|Name Douglas Moggach|
|Books The Philosophy and Politics of Bruno Bauer, Philosophy and Politics of Bruno Bauer, The. Modern European Philosophy|
Douglas Moggach (MA and PhD Princeton) is a professor at the University of Ottawa and life member of Clare Hall, Cambridge. He is Honorary Professor of Philosophy at the University of Sydney, and has held visiting appointments at Sidney Sussex College and King's College, Cambridge, the Centre for History and Economics, Cambridge, and the Scuola Normale Superiore di Pisa. Professor Moggach also holds the University Research Chair in Political Thought at the University of Ottawa and the Killam Research Fellowship awarded by the Canada Council for the arts.
Professor Moggach has written on Gottfried Wilhelm Leibniz, Immanuel Kant, Johann Gottlieb Fichte, Hegel, Friedrich Schiller, Bruno Bauer, aesthetics, Republicanism, and history of ancient and modern political thought.
Moggach's research falls into three principal areas: analysis of the philosophy, politics, and economic thought of the Hegelian School; the historical development of German idealism from Leibniz to Hegel; and aesthetics and politics. His archival research led to the discovery and publication of lost texts by Bruno Bauer, a leading figure in the Hegelian School of the 1830s and 1840s. Moggach argues that the political thinking of the German Hegelians represents a specific variant of republicanism, which recognizes modern social diversity and alienation. His works in German Idealism have focused on the foundational importance of Leibniz for Kant and Hegel, and trace the origins of Kant's juridical thought in the German Enlightenment debates about freedom, perfection, and state economic direction. Moggach has also published on aesthetics and politics, notably on Schiller and Bauer, developing the concept of an aesthetic republicanism based on an aesthetic version of Kant's moral idea of autonomy. Moggach also traces the relations between German idealism and various strands of Romanticism, and contributes to conceptions of universality, freedom and republicanism in European political thought.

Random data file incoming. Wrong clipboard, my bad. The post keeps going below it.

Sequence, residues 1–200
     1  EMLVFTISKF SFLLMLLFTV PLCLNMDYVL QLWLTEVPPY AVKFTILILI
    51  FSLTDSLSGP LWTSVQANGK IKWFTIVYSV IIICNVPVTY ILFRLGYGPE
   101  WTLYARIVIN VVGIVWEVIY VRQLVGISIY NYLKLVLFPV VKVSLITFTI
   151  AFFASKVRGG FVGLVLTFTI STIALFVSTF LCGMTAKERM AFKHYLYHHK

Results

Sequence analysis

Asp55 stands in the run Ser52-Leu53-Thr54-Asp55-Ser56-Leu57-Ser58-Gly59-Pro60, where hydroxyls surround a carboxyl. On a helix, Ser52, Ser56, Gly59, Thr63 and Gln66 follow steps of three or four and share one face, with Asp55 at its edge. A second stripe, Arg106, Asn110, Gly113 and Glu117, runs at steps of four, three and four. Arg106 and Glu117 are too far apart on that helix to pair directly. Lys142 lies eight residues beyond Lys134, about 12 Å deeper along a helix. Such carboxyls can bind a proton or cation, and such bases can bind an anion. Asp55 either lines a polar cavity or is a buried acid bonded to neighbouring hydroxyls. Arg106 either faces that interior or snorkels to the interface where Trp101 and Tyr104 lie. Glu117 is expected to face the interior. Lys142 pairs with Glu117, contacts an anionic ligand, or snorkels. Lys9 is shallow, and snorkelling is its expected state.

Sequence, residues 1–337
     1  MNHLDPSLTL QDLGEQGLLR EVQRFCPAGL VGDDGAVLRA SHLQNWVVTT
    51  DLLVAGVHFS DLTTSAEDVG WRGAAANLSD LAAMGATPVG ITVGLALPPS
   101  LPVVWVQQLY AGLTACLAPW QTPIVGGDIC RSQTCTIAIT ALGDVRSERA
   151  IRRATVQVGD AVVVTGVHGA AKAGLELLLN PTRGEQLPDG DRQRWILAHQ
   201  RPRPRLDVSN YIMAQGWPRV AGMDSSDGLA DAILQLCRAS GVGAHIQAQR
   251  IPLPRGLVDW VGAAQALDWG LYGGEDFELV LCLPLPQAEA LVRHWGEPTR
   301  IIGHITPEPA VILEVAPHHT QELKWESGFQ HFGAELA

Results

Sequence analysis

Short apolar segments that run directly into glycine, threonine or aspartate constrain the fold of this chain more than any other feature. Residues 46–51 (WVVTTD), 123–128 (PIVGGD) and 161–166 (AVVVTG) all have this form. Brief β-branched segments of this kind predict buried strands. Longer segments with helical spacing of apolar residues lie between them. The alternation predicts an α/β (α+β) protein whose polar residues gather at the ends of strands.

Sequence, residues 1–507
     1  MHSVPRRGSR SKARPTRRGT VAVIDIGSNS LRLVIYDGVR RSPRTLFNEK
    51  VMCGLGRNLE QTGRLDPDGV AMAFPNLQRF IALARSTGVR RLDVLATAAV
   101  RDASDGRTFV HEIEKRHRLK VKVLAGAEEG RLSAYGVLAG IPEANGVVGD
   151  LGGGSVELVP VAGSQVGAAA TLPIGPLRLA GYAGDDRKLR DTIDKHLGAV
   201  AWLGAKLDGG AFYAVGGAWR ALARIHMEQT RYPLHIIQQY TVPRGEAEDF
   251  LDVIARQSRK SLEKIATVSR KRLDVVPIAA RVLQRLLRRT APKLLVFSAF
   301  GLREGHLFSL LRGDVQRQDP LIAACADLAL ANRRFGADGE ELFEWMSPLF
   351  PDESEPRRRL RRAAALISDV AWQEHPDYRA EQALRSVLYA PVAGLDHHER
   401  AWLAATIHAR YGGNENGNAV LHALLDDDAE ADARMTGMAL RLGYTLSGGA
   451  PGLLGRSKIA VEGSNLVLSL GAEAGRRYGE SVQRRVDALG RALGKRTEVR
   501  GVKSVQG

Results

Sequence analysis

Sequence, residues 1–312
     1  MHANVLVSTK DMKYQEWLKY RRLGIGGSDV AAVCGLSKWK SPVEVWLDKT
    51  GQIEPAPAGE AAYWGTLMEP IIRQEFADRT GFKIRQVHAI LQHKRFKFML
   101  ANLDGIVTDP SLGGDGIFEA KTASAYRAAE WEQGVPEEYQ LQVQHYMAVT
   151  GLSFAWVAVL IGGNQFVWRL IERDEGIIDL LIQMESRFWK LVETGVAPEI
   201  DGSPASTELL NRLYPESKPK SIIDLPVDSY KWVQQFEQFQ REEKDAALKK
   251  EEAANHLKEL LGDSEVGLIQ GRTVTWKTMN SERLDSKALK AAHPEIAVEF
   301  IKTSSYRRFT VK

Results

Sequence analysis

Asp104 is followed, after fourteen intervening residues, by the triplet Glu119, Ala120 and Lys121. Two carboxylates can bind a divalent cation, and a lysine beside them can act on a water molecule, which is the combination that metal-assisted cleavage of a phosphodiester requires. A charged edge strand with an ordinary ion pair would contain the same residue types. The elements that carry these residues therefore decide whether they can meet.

Moggach discovered an unpublished manuscript by Bruno Bauer, which had been awarded the Prussian Royal Prize in philosophy by a panel headed by Hegel in 1829. This manuscript, written in Latin, is held in the archives of the Humboldt Universität, Berlin, but had not been recognized before. Moggach shows how after attending Hegel's lectures on logic in 1828, Bauer applies this logic to the categories of aesthetic judgement that Kant had developed in his Third Critique. Starting from the Hegelian premise of the unity of thought and being, Bauer wants to show that the separation of subject and object in Kant's Critiques of Pure and of Practical Reason remains a feature of the Critique of Judgement. Bauer argues that Kant does make efforts to bridge the gap, and he opens the path that Hegel will follow, but Kant does not finally succeed in this objective. What prevents him from succeeding is his faulty treatment of the categories involved in making aesthetic judgements. Moggach thinks that in this early text Bauer also lays the foundations for his later theory of infinite self-consciousness, and for his specific type of ethical and historical idealism.
Moggach's book, The Philosophy and Politics of Bruno Bauer (CUP, 2003) traces the emergence of German republicanism from philosophical and religious polemics of the 1830s and 1840s, its relation to Kant and Hegel, and its assessment of political and economic change. This work was short-listed for the 2004 C.B. Macpherson Prize, awarded by the Canadian Political Science Association. It was reviewed by Frederick Beiser in Times Literary Supplement, 24 September 2004; Choice, Nov. 2004; and other journals.
Moggach's edited volume, The New Hegelians (CUP, 2006), is intended to show that after Hegel's death in 1831, members of his school developed his philosophy in new directions in order to understand the evolution of modern society, along with the modern state and economy. The Hegelians were not mere imitators of their teacher, but creative thinkers about modernity and its problems, especially social cohesion and the conflict of individual interests. According to Moggach, many of these New or Young Hegelians found a solution to these conflicts in republican ideas of virtue, rethought so that they are compatible with modern institutions. Moggach applies the idea of republican rigorism, introduced by other historians of political thought, to outline these solutions. For the Hegelians, this concept involves changing the boundaries between morality and legality that Kant had established. Kant had claimed that the legal sphere concerns the external aspects of action alone, but not its motivating principles or maxims. For the Hegelians, though, political action has to promote, or at least not hinder, the external freedom of others, but it must also have the right kinds of internal ethical motivation: this means not acting from private interest, but from an idea of the general good. In this way Kant's idea of autonomy is related to political as well as moral action, and to republican ideas of freedom as non domination.
Moggach, Beiser, and other interlocutors debated Schiller's republicanism in a special issue of Inquiry (2008). Moggach produced a critical discussion of multiculturalism, in a published conversation with Charles Taylor, Jeremy Waldron, James Tully, and others.